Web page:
The situation in Mali- Security Council, 8945th meeting

Preview Language:   Six Official
11-Jan-2022 02:33:21
Economic sanctions on Mali tightened as West African leaders reject proposed timetable for presidential election, Special Representative tells Security Council.

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Bamako’s Representative Strongly Condemns Move as Illegal, as Delegates Urge Constructive Dialogue to Set New Electoral Calendar, Restore Constitutional Order

Sanctions imposed on Mali in December 2021 were upheld and new restrictions imposed, following an extraordinary meeting held by the Economic Community of West African States (ECOWAS) over the weekend to assess the situation in the strife‑torn country, the senior United Nations official for Mali told the Security Council today.

El-Ghassim Wane, Special Representative of the Secretary‑General and Head of the United Nations Multidimensional Integrated Stabilization Mission in Mali (MINUSMA), said that the sanctions were imposed by ECOWAS as it judged the transitional authorities’ proposed timeline for presidential elections — for the end of 2025 — which was found to be unacceptable. However, such measures will be reviewed and gradually lifted with the finalization of an acceptable timetable for elections and progress towards its implementation. Mali reciprocated by announcing the recall of its ambassadors and closure of borders with ECOWAS member States, he noted, adding that the Assises nationales de la refondation, which held meetings between 11 and 30 December 2021, produced recommendations on institutional and governance reforms, which, if enacted, would help stabilize the country and provide a window of opportunity to move forward on implementing the 2015 Agreement for Peace and Reconciliation in Mali.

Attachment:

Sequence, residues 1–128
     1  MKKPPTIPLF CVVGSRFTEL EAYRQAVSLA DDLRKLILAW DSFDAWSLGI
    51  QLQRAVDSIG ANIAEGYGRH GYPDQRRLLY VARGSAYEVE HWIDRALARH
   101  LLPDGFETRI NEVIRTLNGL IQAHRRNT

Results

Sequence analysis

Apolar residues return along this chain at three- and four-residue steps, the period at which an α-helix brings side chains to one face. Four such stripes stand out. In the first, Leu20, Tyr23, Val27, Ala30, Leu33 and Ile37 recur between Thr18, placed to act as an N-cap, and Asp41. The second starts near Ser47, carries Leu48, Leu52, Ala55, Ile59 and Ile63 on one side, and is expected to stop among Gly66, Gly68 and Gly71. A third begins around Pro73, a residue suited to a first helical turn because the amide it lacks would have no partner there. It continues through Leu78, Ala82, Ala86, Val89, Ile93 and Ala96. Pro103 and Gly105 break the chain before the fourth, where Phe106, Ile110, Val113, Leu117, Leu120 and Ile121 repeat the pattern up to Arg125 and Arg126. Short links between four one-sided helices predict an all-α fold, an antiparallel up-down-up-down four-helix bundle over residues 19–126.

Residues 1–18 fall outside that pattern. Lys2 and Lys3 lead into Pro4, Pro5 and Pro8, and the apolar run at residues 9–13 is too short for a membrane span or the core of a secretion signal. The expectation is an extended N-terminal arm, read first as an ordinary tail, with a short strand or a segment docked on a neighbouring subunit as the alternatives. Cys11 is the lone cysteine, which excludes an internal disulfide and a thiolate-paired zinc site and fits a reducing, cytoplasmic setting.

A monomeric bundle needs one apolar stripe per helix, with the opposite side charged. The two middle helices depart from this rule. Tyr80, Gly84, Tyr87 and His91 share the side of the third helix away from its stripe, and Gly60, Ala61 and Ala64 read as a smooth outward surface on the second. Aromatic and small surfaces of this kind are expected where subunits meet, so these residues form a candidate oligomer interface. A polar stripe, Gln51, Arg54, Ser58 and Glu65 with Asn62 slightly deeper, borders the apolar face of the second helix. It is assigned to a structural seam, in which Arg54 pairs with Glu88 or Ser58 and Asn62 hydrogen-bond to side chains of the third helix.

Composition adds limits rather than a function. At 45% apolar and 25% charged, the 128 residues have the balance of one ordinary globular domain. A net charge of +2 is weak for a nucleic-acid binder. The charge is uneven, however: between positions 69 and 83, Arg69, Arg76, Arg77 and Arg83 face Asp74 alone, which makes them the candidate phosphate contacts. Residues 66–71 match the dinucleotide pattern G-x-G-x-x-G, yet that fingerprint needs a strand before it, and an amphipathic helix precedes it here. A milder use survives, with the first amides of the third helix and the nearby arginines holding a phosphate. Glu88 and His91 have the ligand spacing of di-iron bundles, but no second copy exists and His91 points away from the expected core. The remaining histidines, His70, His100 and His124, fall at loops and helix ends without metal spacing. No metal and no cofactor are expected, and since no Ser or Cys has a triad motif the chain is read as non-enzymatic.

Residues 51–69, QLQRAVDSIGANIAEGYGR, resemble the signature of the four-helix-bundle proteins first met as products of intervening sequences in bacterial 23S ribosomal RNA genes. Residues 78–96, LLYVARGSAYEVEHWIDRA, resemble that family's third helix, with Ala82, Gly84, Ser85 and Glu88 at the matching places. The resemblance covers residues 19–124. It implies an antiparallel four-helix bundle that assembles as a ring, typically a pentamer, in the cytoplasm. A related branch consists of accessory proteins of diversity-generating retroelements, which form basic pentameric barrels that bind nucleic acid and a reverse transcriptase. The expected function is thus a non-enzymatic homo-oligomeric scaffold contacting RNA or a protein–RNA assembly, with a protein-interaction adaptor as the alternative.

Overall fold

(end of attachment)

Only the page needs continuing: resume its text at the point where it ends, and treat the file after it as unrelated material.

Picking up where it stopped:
Turning to the international mediation efforts led by Algeria, he noted that the collective met on 5 January and called for a decision-making meeting among Malian signatories to be held in the coming weeks, and to enable overdue progress, notably on global disarmament, demobilization and reintegration, based on the Government’s concrete offer to integrate 26,000 combatants in the next two to three years.

Observing that during 2021, MINUSMA faced the highest number of casualties since 2013 following a significant rise of asymmetric attacks targeting convoys, camps and temporary operating bases, he pointed out its comprehensive efforts notwithstanding, a decade into the crisis, insecurity has expanded, while the humanitarian situation has deteriorated, with heightened food insecurity, an increasing number of internally displaced persons and more children out of school. Therefore, he called for steps to expedite the transition process, stressing: “A protracted impasse will make it much harder to find a consensual way out, while increasing hardship for the population and further weakening State capacity, with far-reaching consequences for Mali and its neighbours.”

Also addressing the Council was Adam Dicko, social activist and Executive Director of the Youth Association for Active Citizenship and Democracy, who painted a dismal picture of the “epidemic” faced by Mali, in which only 2 to 3 per cent of children in pastoral nomads’ families go to school, life expectancy is only 50 years, and heightened inequality is leading to many people in the country feeling excluded from society.

On the deteriorating security situation prevailing in the country, she pointed out that the current military response is inadequate due to its limits and inability to defeat or even contain the threat. “Mali must not become the new site of clashes between global Powers,” she declared, citing Syria, Afghanistan and Libya as examples not to follow.